Look up a word

  • Dictionary
  • Thesaurus
Please submit a word or phrase above.
Print this page

Print this page

Why can't I print more than one page at a time?

Full screen

matching results for page

Cited passage

Style
Citations are available only to our active members.
Sign up now to cite pages or passages in MLA, APA and Chicago citation styles.

"Portraying himself as an honest, ordinary person helped Lincoln identify with his audiences." (Einhorn, 1992, p. 25).

"Portraying himself as an honest, ordinary person helped Lincoln identify with his audiences." (Einhorn 25)

"Portraying himself as an honest, ordinary person helped Lincoln identify with his audiences."1

1. Lois J. Einhorn, Abraham Lincoln, the Orator: Penetrating the Lincoln Legend (Westport, CT: Greenwood Press, 1992), 25, http://www.questia.com/read/27419298.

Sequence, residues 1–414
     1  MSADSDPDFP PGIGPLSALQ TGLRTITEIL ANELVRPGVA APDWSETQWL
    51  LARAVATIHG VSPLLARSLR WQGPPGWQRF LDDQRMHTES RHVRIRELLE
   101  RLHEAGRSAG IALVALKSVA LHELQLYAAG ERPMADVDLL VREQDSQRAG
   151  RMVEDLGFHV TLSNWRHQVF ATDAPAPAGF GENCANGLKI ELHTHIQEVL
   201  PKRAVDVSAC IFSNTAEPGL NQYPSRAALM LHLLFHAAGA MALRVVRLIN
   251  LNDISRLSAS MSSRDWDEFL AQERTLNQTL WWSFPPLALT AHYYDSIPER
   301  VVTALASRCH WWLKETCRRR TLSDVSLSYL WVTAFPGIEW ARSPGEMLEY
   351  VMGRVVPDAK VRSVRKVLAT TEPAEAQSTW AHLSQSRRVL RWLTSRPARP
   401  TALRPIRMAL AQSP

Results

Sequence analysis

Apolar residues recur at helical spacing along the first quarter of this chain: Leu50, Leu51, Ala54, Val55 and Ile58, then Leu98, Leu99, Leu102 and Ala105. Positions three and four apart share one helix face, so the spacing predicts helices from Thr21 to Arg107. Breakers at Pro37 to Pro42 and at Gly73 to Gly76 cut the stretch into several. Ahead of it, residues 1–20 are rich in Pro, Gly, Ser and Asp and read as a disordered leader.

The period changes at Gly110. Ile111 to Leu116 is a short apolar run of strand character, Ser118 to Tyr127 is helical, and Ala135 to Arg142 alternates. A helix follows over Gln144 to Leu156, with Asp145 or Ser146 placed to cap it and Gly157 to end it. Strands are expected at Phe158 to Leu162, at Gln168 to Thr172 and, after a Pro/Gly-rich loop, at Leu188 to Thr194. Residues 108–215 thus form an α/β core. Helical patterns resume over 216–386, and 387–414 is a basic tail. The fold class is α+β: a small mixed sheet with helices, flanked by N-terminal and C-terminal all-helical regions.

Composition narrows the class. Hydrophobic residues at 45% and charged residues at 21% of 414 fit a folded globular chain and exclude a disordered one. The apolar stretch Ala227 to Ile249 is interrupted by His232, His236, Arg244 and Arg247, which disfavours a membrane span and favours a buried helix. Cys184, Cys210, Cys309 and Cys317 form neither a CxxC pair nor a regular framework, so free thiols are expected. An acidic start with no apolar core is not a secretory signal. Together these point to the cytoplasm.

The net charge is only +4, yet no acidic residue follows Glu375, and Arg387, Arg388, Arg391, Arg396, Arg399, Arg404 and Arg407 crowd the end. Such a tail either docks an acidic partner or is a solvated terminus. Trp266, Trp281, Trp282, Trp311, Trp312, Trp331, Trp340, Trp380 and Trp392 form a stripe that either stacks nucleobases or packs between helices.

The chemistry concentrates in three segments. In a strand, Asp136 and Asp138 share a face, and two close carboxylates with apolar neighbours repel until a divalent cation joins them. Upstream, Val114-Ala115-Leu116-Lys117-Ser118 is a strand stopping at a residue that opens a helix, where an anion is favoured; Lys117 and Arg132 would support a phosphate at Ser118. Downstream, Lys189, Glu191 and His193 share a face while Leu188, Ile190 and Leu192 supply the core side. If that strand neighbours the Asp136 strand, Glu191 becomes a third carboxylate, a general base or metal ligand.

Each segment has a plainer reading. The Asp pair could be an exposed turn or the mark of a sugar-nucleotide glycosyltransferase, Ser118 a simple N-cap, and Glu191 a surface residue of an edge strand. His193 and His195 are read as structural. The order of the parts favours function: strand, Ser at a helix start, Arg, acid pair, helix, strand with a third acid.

Cited passage

Welcome to the new Questia Reader

The Questia Reader has been updated to provide you with an even better online reading experience.  It is now 100% Responsive, which means you can read our books and articles on any sized device you wish.  All of your favorite tools like notes, highlights, and citations are still here, but the way you select text has been updated to be easier to use, especially on touchscreen devices.  Here's how:

1. Click or tap the first word you want to select.
2. Click or tap the last word you want to select.

OK, got it!

Thanks for trying Questia!

Please continue trying out our research tools, but please note, full functionality is available only to our active members.

Your work will be lost once you leave this Web page.

For full access in an ad-free environment, sign up now for a FREE, 1-day trial.

Already a member? Log in now.